Mr Hunt is warning of ‘difficult’ spending cuts to come and the NHS remains in the firing line, potentially leaving little resource for real term salary increases amongst NHS staff. 

Underlining this discussion is motivation, and understanding why numerous public sector and NHS worker unions are balloting their members for strike action.  A decade of austerity imposed by the Conservative government to control public sector debt by cutting spending has impacted on the real terms pay for NHS staff, not least by the government-imposed seven-year public sector pay cap which ended in 2017.  Nurses, health visitors and midwives have all seen real term falls in basic pay; between 2011-2021, the average basic earning for an NHS nurse has fallen by 5% in real terms and NHS pay awards are not keeping up with inflation.7 The BMA makes the same argument with relation to junior doctor salaries; real-terms pay for junior doctors has fallen by 26.1%% since 2008.  If the main motive for striking is pay, is a strike still justifiable?  Or in other words, is it justifiable to go on strike for any position other than preventing direct harm to patients?  Back to that utilitarian argument: the RCN and the Royal College of Midwives draw a direct correlation between pay and staffing; and argue that a pay uplift is necessary to retain and recruit staff in order to safely look after future patients.  There have been dramatic falls in the full-time equivalent staffing of midwives and vacancy rates for registered nurses have increased between 2015 and 2022.  Salary is a main driver behind staff recruitment and retention in nursing.  In a survey of RCN members, the main reason for considering leaving nursing was dissatisfaction with pay levels which aren’t keeping up with the cost of living and a perceived failure to reward nurses fully for their work.7  The BMA argue that unless pay is not restored to meet inflation, exhausted and demoralised doctors will leave the NHS for better paid jobs with better working conditions.  It’s unclear how much of the current recruitment and retention crisis is just down to pay cuts; workforce issues in the NHS are complex and include both job-related and individual factors.  Can we justify industrial action and current patient harm to potentially prevent future patients from harm?  This is probably the question those under ballot will need to ask themselves.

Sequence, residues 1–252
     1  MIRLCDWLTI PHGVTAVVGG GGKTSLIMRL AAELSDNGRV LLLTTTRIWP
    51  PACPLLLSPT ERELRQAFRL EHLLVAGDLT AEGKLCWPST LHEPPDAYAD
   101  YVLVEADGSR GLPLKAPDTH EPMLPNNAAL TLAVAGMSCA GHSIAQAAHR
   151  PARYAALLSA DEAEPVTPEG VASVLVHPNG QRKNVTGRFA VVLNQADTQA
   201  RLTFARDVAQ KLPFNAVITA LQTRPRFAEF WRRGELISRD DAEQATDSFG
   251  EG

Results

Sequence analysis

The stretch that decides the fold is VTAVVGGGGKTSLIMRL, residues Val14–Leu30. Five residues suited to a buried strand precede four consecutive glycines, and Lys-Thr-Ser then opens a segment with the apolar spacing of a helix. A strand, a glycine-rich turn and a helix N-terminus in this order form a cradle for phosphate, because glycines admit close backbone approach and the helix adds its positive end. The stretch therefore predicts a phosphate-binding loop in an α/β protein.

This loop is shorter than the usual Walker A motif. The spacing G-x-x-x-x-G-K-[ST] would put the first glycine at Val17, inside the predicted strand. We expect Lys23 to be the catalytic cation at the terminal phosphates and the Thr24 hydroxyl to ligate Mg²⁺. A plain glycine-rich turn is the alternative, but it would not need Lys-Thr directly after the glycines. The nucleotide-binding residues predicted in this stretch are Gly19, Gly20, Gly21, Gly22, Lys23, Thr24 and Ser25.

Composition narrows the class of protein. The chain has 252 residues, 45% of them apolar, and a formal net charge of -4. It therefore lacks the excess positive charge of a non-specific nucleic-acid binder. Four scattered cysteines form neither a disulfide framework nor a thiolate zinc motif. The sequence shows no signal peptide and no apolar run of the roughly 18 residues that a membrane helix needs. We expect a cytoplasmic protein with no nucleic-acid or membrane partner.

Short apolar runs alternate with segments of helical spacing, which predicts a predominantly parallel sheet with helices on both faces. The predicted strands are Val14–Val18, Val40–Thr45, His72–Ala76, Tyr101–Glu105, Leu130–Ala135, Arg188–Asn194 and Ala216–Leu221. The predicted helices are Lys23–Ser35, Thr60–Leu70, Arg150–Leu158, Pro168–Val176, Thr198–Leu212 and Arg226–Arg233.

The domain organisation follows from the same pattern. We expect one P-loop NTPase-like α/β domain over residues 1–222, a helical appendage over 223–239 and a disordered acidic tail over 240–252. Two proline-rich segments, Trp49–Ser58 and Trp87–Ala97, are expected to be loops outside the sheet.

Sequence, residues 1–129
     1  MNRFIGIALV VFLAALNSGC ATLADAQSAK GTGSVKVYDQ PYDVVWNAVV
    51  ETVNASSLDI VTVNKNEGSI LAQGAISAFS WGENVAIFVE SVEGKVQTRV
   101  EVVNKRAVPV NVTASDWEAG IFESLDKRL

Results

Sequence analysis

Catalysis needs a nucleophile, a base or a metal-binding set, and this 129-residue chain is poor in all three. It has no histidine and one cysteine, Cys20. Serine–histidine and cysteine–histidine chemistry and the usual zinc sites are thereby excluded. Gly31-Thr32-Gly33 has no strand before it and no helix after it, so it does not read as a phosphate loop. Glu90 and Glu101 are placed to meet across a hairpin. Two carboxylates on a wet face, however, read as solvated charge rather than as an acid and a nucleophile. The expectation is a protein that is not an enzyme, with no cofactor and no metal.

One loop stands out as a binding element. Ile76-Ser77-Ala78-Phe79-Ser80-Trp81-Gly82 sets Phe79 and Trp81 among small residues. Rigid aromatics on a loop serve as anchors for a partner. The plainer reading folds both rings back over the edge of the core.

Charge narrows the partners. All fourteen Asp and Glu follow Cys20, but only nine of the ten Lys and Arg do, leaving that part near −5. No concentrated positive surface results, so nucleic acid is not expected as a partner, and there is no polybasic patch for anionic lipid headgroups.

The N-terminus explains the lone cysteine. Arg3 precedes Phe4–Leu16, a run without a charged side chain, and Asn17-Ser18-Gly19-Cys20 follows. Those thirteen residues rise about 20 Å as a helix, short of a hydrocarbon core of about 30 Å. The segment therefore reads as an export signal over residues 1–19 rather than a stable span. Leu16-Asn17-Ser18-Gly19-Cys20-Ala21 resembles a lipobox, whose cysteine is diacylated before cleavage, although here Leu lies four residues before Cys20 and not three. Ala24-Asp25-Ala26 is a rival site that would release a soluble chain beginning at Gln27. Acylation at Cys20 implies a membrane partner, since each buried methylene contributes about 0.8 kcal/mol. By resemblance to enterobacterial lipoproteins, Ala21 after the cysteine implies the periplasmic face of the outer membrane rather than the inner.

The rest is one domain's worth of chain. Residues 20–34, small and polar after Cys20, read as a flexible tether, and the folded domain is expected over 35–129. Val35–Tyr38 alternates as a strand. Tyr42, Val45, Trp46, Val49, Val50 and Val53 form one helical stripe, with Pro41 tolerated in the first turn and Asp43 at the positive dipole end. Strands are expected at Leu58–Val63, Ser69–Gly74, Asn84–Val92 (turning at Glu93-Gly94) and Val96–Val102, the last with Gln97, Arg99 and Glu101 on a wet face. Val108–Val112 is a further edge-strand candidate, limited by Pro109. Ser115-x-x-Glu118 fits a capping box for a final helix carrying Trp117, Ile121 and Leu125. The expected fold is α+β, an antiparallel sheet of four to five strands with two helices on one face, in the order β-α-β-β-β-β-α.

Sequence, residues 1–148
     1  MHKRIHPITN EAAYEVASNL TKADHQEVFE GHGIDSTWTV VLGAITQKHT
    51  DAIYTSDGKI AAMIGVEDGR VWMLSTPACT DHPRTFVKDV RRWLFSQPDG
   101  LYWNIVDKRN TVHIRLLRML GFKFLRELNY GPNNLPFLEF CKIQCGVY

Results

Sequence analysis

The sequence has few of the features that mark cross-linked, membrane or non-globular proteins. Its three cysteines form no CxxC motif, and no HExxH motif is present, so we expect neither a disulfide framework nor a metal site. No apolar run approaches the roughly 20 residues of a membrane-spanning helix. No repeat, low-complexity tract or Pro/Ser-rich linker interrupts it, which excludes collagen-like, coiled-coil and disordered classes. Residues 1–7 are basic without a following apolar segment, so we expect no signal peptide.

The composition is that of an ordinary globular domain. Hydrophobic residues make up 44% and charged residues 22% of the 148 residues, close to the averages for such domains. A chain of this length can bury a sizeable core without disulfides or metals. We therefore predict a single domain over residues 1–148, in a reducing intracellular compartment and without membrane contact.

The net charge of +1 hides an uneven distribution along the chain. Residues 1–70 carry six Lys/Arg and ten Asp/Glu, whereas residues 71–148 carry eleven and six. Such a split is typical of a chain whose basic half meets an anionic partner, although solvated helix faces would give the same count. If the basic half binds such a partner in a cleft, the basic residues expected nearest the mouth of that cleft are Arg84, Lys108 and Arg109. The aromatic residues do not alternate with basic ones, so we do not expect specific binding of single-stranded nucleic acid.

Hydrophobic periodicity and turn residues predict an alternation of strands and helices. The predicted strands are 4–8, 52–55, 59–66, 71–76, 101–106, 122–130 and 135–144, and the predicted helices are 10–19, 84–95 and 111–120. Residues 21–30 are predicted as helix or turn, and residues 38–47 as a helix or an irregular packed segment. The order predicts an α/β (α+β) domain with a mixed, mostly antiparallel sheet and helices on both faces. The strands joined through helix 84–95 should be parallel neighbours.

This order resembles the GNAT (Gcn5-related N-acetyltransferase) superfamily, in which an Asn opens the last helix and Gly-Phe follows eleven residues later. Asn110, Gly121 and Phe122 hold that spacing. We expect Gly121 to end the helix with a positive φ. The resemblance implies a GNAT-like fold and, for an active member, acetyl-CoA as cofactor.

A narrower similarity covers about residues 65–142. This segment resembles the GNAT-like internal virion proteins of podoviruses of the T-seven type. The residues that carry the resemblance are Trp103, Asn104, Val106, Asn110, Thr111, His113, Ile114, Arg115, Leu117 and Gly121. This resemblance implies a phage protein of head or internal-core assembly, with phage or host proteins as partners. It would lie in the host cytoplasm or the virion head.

The UK government is facing down an economic crisis.   Jeremy Hunt, well remembered by this former striking junior doctor for his hardline strategy as Health Secretary is (currently) our new Chancellor.  Mr Hunt is warning of ‘difficult’ spending cuts to come and the NHS remains in the firing line, potentially leaving little resource for real term salary increases amongst NHS staff.  With balloting ongoing amongst nurses, midwives and doctors, this government is on a collision course with unions over strikes.  As Bob Breacher suggests, we need to think hard about who really bears the greatest responsibility for preventing needless patient harm in today’s NHS.


1. Brecher R. Striking responsibilities. J Med Ethics. 1985;11(2):66-9.
2. Toynbee M, Al-Diwani AA, Clacey J, Broome MR. Should junior doctors strike? J Med Ethics. 2016;42(3):167-70.
3. Furnivall D, Bottle A, Aylin P. Retrospective analysis of the national impact of industrial action by English junior doctors in 2016. BMJ Open. 2018;8(1):e019319.
4. Cunningham SA, Mitchell K, Narayan KM, Yusuf S. Doctors’ strikes and mortality: a review. Soc Sci Med. 2008;67(11):1784-8.
5. Essex R, Milligan W, Williams G, Weldon SM. The impact of strike action on patient morbidity: A systematic literature review. Int J Health Plann Manage. 2022;37(3):1311-26.
6. Metcalfe D, Chowdhury R, Salim A. What are the consequences when doctors strike? BMJ. 2015;351:h6231.
7. Buchan JC, A.; Bazeer, N.; Shembavnekar, N.; Kelly, E. Where next for NHS nurses’ pay? : The Health Foundation; 2022 [Available from:

Featured photo by Ehimetalor Akhere Unuabona on Unsplash

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7 months ago

Carter Singh is a GP in Nottinghamshire. He is the chairman of the Nottinghamshire LMC and a national council member of the RCGP. The decision…